Iran has already extended its territorial waters to 12 miles, as did Oman. Given that the strait is 29 miles at the narrowest, and that to deal with the amount of shipping, pretty much all of it passes through either Omani or Iranian territorial waters. Technically, Iran/Oman has right to stop any non "innocent" (read unarmed) shipping trough it territorial waters. Not sure what is Omani relationship with the US/Saudis at the moment, wasn't paying much attention to the Gulf.

Colonel Smithers , July 5, 2018 at 10:04 am

Thank you, Vlade.

The Omanis would stay out.

The variation of Islam practiced there is very different to Saudi Wahhabism.

Also, many foreigners there, not just Muslims, have Omani nationality.

Bill Smith , July 5, 2018 at 7:48 pm

Sounds like there are 4 miles in the center? The marked shipping lanes are all on the Oman side of the half way point.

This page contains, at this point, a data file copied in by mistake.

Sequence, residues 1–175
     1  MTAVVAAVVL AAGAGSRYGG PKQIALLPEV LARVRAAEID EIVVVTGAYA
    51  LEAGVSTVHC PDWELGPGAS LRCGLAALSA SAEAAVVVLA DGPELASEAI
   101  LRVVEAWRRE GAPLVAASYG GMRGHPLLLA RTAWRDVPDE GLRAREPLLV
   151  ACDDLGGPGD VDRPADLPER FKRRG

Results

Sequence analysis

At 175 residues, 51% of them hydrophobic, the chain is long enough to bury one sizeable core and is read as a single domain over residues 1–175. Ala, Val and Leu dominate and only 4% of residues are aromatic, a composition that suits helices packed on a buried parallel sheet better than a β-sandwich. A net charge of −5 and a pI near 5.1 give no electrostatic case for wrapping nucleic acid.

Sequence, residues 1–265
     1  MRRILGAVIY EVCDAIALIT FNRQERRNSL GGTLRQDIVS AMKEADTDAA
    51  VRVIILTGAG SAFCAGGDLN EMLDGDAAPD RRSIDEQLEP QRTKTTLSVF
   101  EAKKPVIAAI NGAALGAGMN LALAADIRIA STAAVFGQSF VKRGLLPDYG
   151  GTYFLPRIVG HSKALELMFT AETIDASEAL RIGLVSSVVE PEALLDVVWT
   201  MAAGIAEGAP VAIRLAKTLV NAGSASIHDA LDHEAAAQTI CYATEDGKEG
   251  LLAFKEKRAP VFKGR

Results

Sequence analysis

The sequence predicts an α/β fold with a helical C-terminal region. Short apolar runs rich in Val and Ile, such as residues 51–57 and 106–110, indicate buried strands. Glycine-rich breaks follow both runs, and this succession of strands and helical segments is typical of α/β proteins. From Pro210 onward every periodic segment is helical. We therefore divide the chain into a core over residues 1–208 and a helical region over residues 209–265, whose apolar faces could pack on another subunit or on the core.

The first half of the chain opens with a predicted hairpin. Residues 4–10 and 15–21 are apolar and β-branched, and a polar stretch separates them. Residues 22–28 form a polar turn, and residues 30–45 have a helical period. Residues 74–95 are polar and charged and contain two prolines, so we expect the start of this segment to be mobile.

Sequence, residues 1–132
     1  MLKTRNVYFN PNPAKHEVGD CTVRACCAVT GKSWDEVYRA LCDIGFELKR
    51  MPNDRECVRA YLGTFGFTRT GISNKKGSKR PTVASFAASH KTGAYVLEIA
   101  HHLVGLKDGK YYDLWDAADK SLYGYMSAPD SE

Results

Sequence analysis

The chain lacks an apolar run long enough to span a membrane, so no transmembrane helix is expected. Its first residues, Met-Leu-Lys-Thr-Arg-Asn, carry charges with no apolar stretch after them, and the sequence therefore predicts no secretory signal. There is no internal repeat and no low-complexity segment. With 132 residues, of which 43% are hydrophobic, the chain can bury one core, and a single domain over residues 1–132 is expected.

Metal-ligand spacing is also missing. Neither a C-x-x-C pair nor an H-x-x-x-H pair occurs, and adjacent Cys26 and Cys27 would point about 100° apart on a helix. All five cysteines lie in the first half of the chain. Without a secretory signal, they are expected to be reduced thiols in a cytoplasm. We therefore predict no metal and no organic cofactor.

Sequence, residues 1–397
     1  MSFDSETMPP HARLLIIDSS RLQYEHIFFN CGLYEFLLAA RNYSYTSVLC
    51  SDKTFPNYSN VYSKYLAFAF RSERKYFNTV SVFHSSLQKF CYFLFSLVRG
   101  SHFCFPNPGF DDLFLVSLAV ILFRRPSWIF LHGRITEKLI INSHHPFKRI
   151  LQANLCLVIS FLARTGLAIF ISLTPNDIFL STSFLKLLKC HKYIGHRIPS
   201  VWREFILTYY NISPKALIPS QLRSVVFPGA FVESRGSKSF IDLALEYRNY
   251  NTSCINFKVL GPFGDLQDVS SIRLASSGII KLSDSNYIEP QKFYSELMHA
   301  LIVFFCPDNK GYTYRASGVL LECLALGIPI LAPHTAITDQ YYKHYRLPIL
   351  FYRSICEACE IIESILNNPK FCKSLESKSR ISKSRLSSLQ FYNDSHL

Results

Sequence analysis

JohnnySacks , July 5, 2018 at 9:35 am

Once the US decides to strike first, we're going to be on our own. The Saudis will be completely useless as they always were, understandably not wanting to be cannon fodder for US interests. And with most of Europe and Asia relying on gulf oil, our 'coalition of the willing' is going to be a bit shy of members.
But $200 a barrel and the US a solid producer? Seems to be some win-win money to be made for both Raytheon and Exxon-Mobil.

Felix_47 , July 5, 2018 at 11:04 am

No Saudi just like no rich American will give his life for his country .in the military. Life is just too good for them .why fight in the desert when you can cool it at a cafe in Munich ..why are all the Syrian men of fighting age in Munich and Hamburg? They don't want to fight for their country.

sierra7 , July 5, 2018 at 5:32 pm

Isn't that what the Kuwaiti leaders did during the "First Persian Gulf War"? They fled to Monaco .

EoinW , July 5, 2018 at 7:45 am